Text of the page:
One of the most important lessons is the experience of learning how much time and work is involved in earning money. There are few jobs for teenagers, and those which pay a salary are usually not educational. A better place to learn might be an unpaid apprenticeship.

It is time-consuming to take an untrained person in and share the work, and often, because of the lack of training and the short hours, having an apprentice is more of an expense than a help to a business. Young people should be aware of this and look for what they can offer or learn, instead of what they can get in the way of salary. Apprenticeships are not paid positions, but they can be extremely beneficial to the students, and sometimes open up important job possibilities in the future.

It is important that young people get in the habit of using what money they do earn for necessities such as food and transportation, or they will lack the skills to move out into the world and be independent—needing forever to live at home!

By the ‘80’s, three out of four high-school seniors were working an average of 18 hours a week and often taking home more than $200 a month. But their jobs, often in fast-food chains, were rarely challenging and earnings were immediately spent on cars, clothing, stereos and other artifacts of the adolescent good life. Indeed, researchers at the University of Michigan find that less than 11 percent of high-school seniors save all or most of their earnings for college or other long-range purposes.

In short, teenage employment has only intensified the adolescent drive for immediate gratification. Instead of learning how to delay desires, students are indulging what University of Michigan researcher Jerome Bachman calls "premature affluence." The problem, says Bachman, is that these adolescents tend to get accustomed to an unrealistic level of discretionary income which is impossible to maintain at college, unless they have extravagant parents. "And if they don’t go to school," he observes, "they will have to continue to live at home if they hope to keep up their personal spending habits."

One of the sources of this problem is TV, according to Ralph Nader, who says in Co-op America’s newsletter, “Building Economic Alternatives” (Fall 1989) that children “see 25,000 television ads by the time they are seniors in high school. Our leaders have exposed millions of children to a pattern of commercial exploitation that even shocks Western European merchants because they live in countries where children’s ads on TV are banished since small children are not able to distinguish between programs and ads."

—Kenneth Woodward, Newsweek, Winter/Spring 1990
from "Young Beyond their Years" University Age


Many educators recommend a year off between high school and university to give young people a chance to experience real life and its effort and responsibilities, and to learn who they are and where their interests lie.

A substantial majority of big British companies, and nearly all universities support the idea of students putting in a year at work immediately after school and before going to university.

—"The Education Guardian", London, England, 2/24/87


Both of our daughters had that experience, and both, at different times, had apartments within a few blocks of our home which they paid for by working. I remember the end of the first week of our first daughter's experience: "I can't believe how much time it takes to go to work, do the laundry, buy food and clean. It takes all my time when I am not at work. I don't know how you do it!" Ahhh, she was starting to learn . . . .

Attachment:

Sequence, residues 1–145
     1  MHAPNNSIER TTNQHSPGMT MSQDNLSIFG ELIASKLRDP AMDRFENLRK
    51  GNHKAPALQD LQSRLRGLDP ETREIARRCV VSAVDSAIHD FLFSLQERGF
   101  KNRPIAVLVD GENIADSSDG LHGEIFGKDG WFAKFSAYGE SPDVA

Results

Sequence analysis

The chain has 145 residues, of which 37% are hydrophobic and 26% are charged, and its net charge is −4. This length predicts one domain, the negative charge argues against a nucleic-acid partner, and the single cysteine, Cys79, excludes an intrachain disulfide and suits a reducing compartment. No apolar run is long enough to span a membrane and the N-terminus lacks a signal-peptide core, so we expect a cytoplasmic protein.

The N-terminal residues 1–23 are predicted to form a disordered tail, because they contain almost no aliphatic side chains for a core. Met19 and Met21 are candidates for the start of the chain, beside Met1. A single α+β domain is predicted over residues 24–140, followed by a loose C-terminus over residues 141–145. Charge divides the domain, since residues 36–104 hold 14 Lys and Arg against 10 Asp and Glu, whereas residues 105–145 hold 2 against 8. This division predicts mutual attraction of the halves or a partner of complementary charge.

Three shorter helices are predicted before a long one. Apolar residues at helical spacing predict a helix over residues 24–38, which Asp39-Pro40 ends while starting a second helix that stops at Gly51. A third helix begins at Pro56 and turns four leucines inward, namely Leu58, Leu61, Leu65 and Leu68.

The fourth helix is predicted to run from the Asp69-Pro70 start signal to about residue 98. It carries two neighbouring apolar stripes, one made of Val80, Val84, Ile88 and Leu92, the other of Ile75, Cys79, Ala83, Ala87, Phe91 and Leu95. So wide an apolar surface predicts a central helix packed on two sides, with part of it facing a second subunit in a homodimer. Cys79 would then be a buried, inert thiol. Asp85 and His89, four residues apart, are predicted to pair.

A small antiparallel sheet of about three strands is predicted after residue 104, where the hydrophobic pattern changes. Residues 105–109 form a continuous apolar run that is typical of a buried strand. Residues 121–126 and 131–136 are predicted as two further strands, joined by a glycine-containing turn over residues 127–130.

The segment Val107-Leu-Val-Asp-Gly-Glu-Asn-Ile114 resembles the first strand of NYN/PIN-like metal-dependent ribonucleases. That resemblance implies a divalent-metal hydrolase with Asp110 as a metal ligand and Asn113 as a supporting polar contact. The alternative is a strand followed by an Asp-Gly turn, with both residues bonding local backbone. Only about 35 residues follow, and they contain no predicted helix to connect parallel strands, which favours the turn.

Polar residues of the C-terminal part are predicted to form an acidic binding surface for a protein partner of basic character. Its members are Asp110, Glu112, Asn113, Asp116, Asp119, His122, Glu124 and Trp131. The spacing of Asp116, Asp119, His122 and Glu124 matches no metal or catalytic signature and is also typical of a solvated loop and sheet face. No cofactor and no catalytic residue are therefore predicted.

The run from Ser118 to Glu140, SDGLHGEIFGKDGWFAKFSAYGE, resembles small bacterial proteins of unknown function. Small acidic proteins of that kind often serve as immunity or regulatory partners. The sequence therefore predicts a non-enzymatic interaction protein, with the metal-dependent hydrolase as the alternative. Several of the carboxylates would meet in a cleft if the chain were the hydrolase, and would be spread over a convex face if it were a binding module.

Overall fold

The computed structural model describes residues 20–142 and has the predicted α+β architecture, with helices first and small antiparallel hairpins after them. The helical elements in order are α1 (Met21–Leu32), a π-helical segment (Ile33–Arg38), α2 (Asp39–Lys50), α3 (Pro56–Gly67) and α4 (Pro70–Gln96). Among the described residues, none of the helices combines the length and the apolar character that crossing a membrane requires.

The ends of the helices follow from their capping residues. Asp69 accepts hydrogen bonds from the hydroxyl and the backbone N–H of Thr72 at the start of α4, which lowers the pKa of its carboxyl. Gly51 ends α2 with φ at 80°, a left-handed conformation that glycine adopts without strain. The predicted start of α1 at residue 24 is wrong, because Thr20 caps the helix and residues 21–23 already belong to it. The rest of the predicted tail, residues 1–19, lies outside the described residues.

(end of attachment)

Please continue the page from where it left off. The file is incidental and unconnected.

It is not enough to teach a man a specialty. Through it he may become a kind of useful machine but not a harmoniously developed personality. It is essential that the student acquire an understanding of and a lively feeling for values. He must acquire a vivid sense of the beautiful and of the morally good. Otherwise he - with his specialized knowledge - more closely resembles a well-trained dog than a harmoniously developed person. He must learn to understand the motives of human beings, their illusions and their sufferings, in order to acquire a proper relationship to individual fellow men and to the community.

These precious things are conveyed to the younger generation through personal contact with those who teach, not - or at least not in the main - through textbooks. It is this that primarily constitutes and preserves culture. This is what I have in mind when I recommend the 'humanities' as important, not just dry specialized knowledge in the fields of history and philosophy.

Overemphasis on the competitive system and premature specialization on the ground of immediate usefulness kill the spirit on which all cultural life depends, specialized knowledge included.

It is also vital to a valuable education that independent critical thinking be developed in the young human being, a development that is greatly jeopardized by overburdening him with too much and with too varied subjects (point system). Overburdening necessarily leads to superficiality. Teaching should be such that what is offered is perceived as a valuable gift and not as a hard duty.

—Albert Einstein, "Education for Independent Thought"
New York Times, Oct. 5, 1952


And how far, we may ask, does it take one to hold a degree these days? [Written in 1949] Can one be sure of even earning a living? ...And how do we explain this lack of confidence? The reason is that these young men have spent years in listening to words and listening does not make a man. Only practical work and experience lead the young to maturity.

My vision of the future is no longer of people taking exams and proceeding on that certification from the secondary school to the university, but of individuals passing from one stage of independence to a higher, by means of their own activity, through their own effort of will, which constitutes the inner evolution of the individual.

—Dr. Maria Montessori, From Childhood to Adolescence


Reprint of: MONTESSORI AGE 12-18
#ER085, $2.50, The Michael Olaf Company www.michaelolaf.net

Copyright 2013, Susan Stephenson www.susanart.net


MONTESSORI MIDDLE SCHOOL AND HIGH SCHOOL

The most valuable research being done today on the Montessori program from age 12-18 is being done by NCMAS, The NAMTA Center for Montessori Adolescent Studies ADOLESCENT STUDIES